Imperial College London

13 New Horizons grants awarded to Imperial academics for adventurous research

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The Engineering and Physical Sciences Research Council (EPSRC) has awarded 13 academics new grants to undertake ‘adventurous and high-risk research.’

The EPSRC, which is part of UK Research and Innovation (UKRI), has allocated almost £25.5 million of funding to 126 adventurous projects, 13 of which are at Imperial. The new pilot programme is designed to support adventurous, high-risk research in the mathematical and physical sciences.

The projects announced today...will no doubt stimulate breakthroughs in knowledge that will lead to longer-term innovations with societal impact. Professor Dame Lynn Gladden EPSRC Executive Chair

Each project will receive up to £200,000 over two years.

One Imperial project from Dr Yuval Elani at the Department of Chemical Engineering aims to create a molecular assembly line of compartmentalised soft-matter nanoparticles, or ‘artificial cells’. This could help to develop particles that can be programmed to respond to certain stimuli, and lead to more effective drugs and vaccines.

Another Imperial project from Dr Riccardo Sapienza at the Department of Physics will investigate controlling light at the nanoscale. His group will use these insights to develop metamaterials that change at the speed of light for quantum computing and for optical information processing.

EPSRC Executive Chair, Professor Dame Lynn Gladden, said: “New Horizons reflects our commitment to explore how we can adapt our processes to free researchers to focus on their work.

“The projects announced today illustrate the high levels of creativity and inventiveness across the mathematical and physical sciences, and will no doubt stimulate breakthroughs in knowledge that will lead to longer-term innovations with societal impact.”

The projects

Faculty of Engineering

Dr Mark Oxborrow – Department of Materials 

Tiger in a Cage: Detecting Single Photons at low GHz Frequencies without Refrigerators, Vacuum Chambers or Magnets

Dr Emilio Martinez-Paneda – Civil and Environmental Engineering         

Nanovoids for Developing New Hydrogen-resistant Materials (NanoHMAT)

Dr Yuval Elani – Department of Chemical Engineering   

Dial-a-membrane: precision engineering of sub-micron self-assembled materials

Faculty of Natural Sciences

Dr Riccardo Sapienza – Department of Physics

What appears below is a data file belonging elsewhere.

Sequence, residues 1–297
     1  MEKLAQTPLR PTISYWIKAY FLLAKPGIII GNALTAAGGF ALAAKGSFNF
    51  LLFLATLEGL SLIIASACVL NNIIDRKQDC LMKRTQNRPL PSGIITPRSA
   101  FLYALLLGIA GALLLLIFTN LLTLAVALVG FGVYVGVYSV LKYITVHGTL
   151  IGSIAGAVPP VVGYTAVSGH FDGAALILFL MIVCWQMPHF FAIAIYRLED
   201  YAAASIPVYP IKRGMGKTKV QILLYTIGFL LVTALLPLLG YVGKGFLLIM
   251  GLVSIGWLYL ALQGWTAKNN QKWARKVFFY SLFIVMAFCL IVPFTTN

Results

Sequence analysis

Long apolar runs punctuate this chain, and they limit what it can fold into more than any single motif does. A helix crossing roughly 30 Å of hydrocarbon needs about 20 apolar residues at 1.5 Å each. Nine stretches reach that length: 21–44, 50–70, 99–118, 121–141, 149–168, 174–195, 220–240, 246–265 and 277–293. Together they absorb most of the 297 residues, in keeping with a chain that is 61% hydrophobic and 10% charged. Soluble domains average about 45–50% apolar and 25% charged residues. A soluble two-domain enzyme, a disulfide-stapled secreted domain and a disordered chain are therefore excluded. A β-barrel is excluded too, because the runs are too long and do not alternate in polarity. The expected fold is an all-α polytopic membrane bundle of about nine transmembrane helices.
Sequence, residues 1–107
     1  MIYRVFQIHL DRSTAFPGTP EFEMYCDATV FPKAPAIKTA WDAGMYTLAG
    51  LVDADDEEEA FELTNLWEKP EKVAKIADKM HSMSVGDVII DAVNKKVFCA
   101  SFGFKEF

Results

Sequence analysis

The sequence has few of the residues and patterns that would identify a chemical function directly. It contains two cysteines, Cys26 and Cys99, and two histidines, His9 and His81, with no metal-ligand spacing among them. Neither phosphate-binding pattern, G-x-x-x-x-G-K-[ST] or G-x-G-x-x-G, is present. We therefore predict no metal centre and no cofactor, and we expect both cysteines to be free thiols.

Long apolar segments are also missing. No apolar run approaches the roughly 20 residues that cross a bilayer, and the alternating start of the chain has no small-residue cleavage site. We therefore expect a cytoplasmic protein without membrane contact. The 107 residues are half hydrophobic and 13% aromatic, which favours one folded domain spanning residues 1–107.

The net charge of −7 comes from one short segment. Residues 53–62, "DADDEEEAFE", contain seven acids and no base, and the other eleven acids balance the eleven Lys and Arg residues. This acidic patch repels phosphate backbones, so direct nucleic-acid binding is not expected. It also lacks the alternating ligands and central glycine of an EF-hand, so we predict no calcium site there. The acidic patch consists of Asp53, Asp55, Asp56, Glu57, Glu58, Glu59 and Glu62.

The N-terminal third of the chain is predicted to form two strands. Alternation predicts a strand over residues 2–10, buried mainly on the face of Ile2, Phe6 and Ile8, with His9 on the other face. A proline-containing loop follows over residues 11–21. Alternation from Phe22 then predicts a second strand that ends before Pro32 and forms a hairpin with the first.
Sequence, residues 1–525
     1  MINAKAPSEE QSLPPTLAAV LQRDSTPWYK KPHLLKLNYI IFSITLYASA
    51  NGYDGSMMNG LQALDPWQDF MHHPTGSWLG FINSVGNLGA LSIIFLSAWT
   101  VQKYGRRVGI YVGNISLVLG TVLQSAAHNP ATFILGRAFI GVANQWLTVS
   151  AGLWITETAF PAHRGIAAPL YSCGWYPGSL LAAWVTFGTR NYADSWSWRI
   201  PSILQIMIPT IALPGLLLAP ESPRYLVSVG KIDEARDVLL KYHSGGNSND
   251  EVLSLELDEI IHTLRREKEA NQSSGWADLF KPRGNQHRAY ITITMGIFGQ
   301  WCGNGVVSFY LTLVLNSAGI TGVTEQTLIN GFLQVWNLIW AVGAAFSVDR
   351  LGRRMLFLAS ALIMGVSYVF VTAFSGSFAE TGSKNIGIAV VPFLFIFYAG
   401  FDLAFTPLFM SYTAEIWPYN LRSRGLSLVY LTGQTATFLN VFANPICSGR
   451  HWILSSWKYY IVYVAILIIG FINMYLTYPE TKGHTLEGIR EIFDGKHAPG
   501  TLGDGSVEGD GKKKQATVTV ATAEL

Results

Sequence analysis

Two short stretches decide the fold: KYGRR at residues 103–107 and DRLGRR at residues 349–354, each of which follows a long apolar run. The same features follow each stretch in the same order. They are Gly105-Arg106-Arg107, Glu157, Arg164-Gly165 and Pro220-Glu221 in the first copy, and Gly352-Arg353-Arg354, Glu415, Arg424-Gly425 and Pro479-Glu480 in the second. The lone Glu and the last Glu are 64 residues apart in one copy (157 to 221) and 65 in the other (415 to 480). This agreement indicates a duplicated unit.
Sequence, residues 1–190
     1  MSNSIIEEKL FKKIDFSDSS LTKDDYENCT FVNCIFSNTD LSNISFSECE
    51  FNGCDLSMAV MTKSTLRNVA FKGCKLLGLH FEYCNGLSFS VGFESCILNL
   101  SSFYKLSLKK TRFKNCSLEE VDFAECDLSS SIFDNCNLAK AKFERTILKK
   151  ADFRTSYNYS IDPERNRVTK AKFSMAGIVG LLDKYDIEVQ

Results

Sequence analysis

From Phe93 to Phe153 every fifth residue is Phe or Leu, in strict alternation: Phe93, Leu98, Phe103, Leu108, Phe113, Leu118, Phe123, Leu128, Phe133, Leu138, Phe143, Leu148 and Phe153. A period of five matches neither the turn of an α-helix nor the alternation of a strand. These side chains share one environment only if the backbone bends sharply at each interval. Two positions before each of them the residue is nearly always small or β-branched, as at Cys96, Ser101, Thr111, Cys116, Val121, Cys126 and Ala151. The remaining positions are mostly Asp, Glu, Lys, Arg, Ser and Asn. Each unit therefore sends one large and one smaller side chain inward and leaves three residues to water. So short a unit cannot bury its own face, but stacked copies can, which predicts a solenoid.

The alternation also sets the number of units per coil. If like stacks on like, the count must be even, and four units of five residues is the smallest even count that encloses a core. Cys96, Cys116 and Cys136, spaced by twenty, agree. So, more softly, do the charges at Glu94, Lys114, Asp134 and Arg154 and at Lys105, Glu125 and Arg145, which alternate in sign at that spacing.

Space-time meta-surfaces for light waves

Dr James McGinty – Department of Physics       

Extreme volumetric imaging using single-shot optical tomography with compressive sensing

Dr Artem Bakulin – Department of Chemistry   

Ultrafast Optoelectronic Nanoscopy of Biological and Optoelectronic Systems

Dr Nicholas Brooks – Department of Chemistry

Life at the Extremes

Dr Lorenzo Di Michele – Department of Chemistry         

A programmable, cell-agnostic DNA nano-technology platform for CRISPR gene editing

Professor Martin Heeney and Dr Florian Glöcklhofer – Department of Chemistry   

Multielectron photoredox catalysts based on charge accumulation in conjugated macrocycles

Professor Kevin Buzzard – Department of Mathematics

Digitising the Langlands Program

Professor Daniel Waldram – Department of Physics      

New geometry from string dualities

Dr David Helm – Department of Mathematics

Derived and perverse methods in the local Langlands correspondence

Professor Alexei Skorobogatov – Department of Mathematics

Local-to-global principles for random Diophantine equations


Image: Shutterstock

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Hayley Dunning

Hayley Dunning
Communications and Public Affairs

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Contact details

Tel: +44 (0)20 7594 2412
Email: h.dunning@imperial.ac.uk

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Caroline Brogan

Caroline Brogan
Communications and Public Affairs

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Contact details

Tel: +44 (0)20 7594 3415
Email: caroline.brogan@imperial.ac.uk

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